A burin is a steel carving tool with a wooden handle used to create the drawing in wood engraving and copper plate printing.
It has a cutting tip shaped diagonally at 45 degrees on one end and a wooden handle on the other. Burins are mainly made in the US and Switzerland. American-made burins are bent at an angle of around 30 degrees at the base of the handle but the Swiss types are made so that the blade and handle are positioned in a straight line. The face of a burin comes in various shapes. Some are square, others are diamond-shaped. The square types are suitable for drawing curves and thick lines, and the diamond-shaped types for drawing thin lines. The sharp knife-shaped burins and multiple-line burins are used for wood engraving.
The technique of using a burin to carve a drawing directly on a copper place is called engraving. This is the oldest of the various techniques used in copper plate printing and started out as a metalwork technique in around 1430 before establishing itself as a printing technique. Because expert skills are required to use a burin adeptly to carve out a drawing, proficiency in using this tool became a yardstick for assessing the abilities of copper plate engraving artists. The burin is used by wrapping the palm around the wooden handle and pushing it while keeping the blade almost level with the plate. To carve curves, instead of twisting the hand, the plate should be rotated in the direction of movement. The burin leaves behind burrs on both sides of the carved lines. These are to be removed with a scraper and then polished with a burnisher.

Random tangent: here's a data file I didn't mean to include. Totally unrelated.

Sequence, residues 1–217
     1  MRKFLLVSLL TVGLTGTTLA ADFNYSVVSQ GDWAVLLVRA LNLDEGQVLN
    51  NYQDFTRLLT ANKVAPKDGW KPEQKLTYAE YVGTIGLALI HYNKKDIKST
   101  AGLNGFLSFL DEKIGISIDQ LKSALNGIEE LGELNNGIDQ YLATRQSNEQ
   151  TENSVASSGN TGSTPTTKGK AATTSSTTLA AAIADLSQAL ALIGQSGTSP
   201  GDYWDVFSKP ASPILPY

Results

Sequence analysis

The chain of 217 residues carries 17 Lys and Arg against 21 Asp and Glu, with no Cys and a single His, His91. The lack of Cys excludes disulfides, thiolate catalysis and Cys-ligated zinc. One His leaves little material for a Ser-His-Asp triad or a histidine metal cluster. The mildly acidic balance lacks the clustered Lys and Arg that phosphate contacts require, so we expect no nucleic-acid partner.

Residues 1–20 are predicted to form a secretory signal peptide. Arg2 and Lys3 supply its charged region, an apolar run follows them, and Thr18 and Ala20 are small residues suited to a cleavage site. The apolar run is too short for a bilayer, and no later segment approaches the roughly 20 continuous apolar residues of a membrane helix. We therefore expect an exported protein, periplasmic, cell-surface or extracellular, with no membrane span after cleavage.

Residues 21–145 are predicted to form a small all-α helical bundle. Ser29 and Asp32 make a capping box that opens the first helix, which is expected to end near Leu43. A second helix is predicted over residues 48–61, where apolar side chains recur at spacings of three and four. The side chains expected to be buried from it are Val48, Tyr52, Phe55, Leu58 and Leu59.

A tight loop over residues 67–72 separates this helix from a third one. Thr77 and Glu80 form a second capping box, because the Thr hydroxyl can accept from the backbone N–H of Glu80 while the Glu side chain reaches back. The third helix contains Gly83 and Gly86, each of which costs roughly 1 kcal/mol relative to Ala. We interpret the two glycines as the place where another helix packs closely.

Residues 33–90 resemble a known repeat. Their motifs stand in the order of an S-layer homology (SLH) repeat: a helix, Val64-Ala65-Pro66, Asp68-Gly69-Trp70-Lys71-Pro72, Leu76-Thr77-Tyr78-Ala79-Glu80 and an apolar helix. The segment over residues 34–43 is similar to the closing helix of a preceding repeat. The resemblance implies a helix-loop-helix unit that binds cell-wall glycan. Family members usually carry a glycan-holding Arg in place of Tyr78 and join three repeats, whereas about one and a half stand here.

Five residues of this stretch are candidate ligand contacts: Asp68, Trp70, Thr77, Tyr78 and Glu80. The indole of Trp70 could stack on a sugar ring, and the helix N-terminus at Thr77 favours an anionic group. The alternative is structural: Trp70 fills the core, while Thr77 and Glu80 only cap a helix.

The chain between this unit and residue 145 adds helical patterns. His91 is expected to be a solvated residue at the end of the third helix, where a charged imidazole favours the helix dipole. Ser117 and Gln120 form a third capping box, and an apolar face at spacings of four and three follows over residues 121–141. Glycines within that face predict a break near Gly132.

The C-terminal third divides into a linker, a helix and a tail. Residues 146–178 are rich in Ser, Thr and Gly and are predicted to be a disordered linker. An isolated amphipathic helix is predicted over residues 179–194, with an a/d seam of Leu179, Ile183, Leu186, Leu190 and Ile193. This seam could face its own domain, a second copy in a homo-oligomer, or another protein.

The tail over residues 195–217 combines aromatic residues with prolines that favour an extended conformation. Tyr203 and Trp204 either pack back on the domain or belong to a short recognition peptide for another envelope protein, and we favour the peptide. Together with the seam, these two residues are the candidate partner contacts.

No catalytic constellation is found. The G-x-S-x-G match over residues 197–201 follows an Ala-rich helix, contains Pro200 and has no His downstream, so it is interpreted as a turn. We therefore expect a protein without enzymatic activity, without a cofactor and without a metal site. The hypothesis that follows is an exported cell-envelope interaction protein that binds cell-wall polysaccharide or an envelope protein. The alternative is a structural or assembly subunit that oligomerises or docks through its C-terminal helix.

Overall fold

Burins are used in the same way for wood engraving. When drawing curves, it is the woodblock which must be rotated. When doing this, a leather pad filled with sand called coussin can be placed under the block to help it rotate smoothly. When using multiple-line burins, it is best to choose medium to wide-spaced types.
A burin can be purchased at art supply stores that handle printing supplies.
- Shapes and close-up photo.
- American-made burins
- Swiss-made burins
- How to hold a burin